Druids, Gods & Heroes from Celtic Mythology (World Mythology Series) by Anne Ross - a basic introduction to Celtic mythology
Celtic Heritage by  Rees & Rees - an indepth look at Celtic culture
A Druid's Herbal of Sacred Tree Medicine by Ellen Evert Hopman - lots of herbal lore, but also tidbits of Druidic history and lore about the holidays
Druidry and the Ancestors by Nimue Brown - not specifically Irish, but an excellent look at how to incorporate ancestor honoring into modern practice
War, Women, and Druids by Philip Freeman - a concise collection of ancient references relating to Celtic culture including Druids and bards
Druids Sourcebook edited by John Matthews - a collection of a variety of early and later references and articles about Druidism.
I'd also repeat my Irish recon reading list as it includes a lot of the important mythology:
Festival of Lughnasa by Maire McNeill - an in-depth look at the historic and modern celebration of Lughnasa, including a good deal of folklore and mythology
 The Lebor Gabala Erenn - the story of the invasions of Ireland by the Gods and spirits and eventually humans.
 Cath Maige Tuired - the story of the battle of the Tuatha de Danann with the Fomorians.
 the Year in Ireland by K. Danaher - an overview of holidays and folk practices throughout the year.
 The Silver Bough (all four volumes) by F. MacNeil - Scottish but extremely useful for understanding folk practices and beliefs
Fairy and Folktales of the Irish Peasantry by Yeats - a look at folklore and belief, important for including the Daoine maithe in your practice
 Lady with a Mead Cup by Enright - useful look at ritual structure and society in both Celtic and Norse cultures
 Celtic Gods and Heroes by Sjoestedt - discusses both the gods and tidbits of folklore and mythology
I'd suggest my own books as well, but that seems a bit self serving..

Saturday, February 1, 2014

A Family Imbolc

   This year's Imbolc was a special one for me, celebrating with the children, for two reasons. Firstly, because my oldest daughter, who is 10, has taken an active interest in participating over the past year. Secondly because I spent last Imbolc in the hospital recovering from a near fatal postpartum complication. This Imbolc I am home with my family, healthy, and have my children fully joining in with what I am doing. Life is truly good.
   Kevin Danaher in his book the Year in Ireland explains in detail about different Imbolc celebrations and I take some of my inspiration for practice from him. I start my holiday at sunset on January 31st, Imbolc eve, when it would have been traditional for families to prepare a big dinner, welcome Brighid in, make new Brighid's crosses, and set out a brat Brighid, Brighid's mantle, for the goddess to bless when she visited over night. In the morning omens were looked for to confirm Brighid's blessing on the home, athletic games might be enjoyed and the community would gather to celebrate.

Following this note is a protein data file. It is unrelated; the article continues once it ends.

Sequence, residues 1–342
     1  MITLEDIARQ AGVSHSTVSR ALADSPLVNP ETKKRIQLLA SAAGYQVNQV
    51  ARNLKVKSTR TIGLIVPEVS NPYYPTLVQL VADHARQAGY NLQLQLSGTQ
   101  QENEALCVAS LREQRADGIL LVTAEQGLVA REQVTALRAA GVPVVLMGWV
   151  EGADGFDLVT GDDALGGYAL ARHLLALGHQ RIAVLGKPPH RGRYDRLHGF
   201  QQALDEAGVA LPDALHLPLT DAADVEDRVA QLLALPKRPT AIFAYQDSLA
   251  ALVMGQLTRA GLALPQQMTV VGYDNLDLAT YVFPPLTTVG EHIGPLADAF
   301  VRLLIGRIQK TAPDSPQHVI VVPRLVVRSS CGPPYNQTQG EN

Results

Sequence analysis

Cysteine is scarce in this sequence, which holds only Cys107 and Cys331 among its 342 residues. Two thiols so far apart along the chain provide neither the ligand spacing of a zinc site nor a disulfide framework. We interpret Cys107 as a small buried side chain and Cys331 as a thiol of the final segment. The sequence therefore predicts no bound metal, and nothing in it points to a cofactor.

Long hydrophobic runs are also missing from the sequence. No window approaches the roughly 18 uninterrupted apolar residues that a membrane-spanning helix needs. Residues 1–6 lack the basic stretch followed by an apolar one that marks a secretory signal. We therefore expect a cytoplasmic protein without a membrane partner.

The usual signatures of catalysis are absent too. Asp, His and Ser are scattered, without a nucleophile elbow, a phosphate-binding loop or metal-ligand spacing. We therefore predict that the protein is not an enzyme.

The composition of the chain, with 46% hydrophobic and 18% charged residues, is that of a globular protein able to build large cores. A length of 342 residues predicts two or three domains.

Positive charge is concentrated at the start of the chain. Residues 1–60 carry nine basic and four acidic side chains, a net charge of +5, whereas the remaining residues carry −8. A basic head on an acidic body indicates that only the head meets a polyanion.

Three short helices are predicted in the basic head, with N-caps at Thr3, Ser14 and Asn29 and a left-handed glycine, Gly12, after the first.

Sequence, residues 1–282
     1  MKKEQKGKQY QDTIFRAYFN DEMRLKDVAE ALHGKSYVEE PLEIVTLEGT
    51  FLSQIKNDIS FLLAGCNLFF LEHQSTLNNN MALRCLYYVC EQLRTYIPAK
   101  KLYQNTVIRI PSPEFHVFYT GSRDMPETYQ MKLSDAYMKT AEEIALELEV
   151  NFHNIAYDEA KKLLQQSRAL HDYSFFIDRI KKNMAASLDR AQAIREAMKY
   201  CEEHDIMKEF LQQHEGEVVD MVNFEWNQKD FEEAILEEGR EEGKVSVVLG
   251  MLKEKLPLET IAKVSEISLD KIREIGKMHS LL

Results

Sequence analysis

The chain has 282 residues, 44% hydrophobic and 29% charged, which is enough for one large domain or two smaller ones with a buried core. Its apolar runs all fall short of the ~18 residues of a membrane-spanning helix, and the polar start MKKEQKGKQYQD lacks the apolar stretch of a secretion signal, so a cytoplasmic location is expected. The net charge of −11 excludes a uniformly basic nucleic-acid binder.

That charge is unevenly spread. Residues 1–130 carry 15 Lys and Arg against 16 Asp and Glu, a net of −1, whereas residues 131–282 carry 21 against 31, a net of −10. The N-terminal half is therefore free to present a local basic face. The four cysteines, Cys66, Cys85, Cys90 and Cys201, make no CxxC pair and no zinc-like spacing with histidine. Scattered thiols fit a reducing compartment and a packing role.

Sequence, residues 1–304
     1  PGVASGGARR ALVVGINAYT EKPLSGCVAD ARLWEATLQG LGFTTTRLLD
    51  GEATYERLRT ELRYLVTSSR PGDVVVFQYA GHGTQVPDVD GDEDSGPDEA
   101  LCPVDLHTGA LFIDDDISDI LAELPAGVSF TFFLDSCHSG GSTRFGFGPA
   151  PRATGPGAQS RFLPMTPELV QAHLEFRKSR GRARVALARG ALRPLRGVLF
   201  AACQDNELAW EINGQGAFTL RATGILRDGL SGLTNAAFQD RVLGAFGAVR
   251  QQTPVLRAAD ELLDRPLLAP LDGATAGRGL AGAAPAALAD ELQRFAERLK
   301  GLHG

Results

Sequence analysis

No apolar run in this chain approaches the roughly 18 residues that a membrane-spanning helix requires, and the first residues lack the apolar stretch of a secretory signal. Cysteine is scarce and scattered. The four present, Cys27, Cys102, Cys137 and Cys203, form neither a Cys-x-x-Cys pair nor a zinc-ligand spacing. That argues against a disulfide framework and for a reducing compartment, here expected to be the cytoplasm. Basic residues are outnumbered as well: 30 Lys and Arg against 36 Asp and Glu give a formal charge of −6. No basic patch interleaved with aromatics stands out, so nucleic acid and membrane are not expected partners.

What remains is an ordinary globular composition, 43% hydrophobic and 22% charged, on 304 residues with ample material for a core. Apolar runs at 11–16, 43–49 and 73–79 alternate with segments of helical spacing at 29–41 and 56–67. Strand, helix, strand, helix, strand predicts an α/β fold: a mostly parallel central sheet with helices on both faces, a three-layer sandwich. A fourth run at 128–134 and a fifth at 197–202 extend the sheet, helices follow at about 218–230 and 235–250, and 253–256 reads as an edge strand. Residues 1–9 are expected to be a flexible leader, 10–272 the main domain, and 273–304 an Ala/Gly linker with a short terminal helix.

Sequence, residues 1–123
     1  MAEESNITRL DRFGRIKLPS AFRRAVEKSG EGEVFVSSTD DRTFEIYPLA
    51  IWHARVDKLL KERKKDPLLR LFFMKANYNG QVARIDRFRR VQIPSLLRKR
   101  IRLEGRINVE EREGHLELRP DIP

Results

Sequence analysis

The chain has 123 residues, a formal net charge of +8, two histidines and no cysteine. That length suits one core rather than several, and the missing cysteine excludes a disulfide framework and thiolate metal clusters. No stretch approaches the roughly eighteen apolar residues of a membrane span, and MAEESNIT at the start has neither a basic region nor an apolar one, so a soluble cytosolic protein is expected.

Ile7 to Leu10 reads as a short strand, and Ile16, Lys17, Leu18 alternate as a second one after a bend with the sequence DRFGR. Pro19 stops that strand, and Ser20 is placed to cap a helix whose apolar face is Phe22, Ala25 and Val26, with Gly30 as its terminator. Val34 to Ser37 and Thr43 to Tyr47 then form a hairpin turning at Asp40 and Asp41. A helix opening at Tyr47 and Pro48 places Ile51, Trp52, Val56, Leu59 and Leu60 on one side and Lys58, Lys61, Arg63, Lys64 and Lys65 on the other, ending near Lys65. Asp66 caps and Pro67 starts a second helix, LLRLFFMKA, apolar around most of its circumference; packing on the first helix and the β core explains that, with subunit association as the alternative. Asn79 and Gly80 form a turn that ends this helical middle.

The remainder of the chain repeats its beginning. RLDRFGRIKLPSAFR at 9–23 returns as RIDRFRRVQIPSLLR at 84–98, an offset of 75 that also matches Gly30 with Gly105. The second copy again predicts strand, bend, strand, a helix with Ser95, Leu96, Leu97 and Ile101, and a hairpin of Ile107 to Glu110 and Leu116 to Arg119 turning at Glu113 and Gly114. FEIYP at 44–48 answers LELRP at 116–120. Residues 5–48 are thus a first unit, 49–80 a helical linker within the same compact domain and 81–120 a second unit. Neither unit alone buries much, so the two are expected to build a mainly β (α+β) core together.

Last night we prepared the leaba Bhrighid, Brighid's bed, placing it in front of the fireplace. My oldest daughter took the Brideog (a small doll representing Brighid) outside and knocked on the door, announcing "Open the door and let blessed Brighid in"
  Holding the baby I opened the door with my younger daughter at my side and we said "Welcome! Welcome! Welcome! We welcome in Brighid to our home, your bed is ready."
  We all walked up to where the leaba Bhrighid was waiting and placed the Brideog inside, tucking her in and placing a small willow wand, the slat geal, in with the doll.

 We sang a little song we made up:
  "We welcome you in
   We welcome you in
   We welcome you in
   Blessed Brighid is here

   Your bed is ready
  Your bed is ready
   Your bed is ready
   Blessed Brighid is here

  Please bless our home
  Please bless our home
  Please bless our home
 Blessed Brighid is here"
  The children really enjoyed the pageantry of it all and especially the signing. I told them a few stories about Brighid and who she was and we talked a little bit about her symbols and the different things, like the leaba Brighid, that we were using. After getting the Brideog set up I placed my brat Brighid out on the windowsill, and we went to bed.

  This morning we woke up to bright sun and mild temperatures. We looked for omens of Brighid's visit and received several positive ones, including the sight of a rare Horned Lark; larks being birds associated with Brighid, and their song as an omen of good weather to come. I also noted the lack of wind, tying into another traditional Imbolc omen:
"As far as the wind shall enter the door
On the Feast Day of Bride,
The snow shall enter the door
On the Feast Day of Patrick." (Carmina Gadelica, 1900)
  Later today we shall make new Brighid's crosses, and tonight we will end our celebration with a dinner of pork and colcannon, and another Imbolc will have come and gone....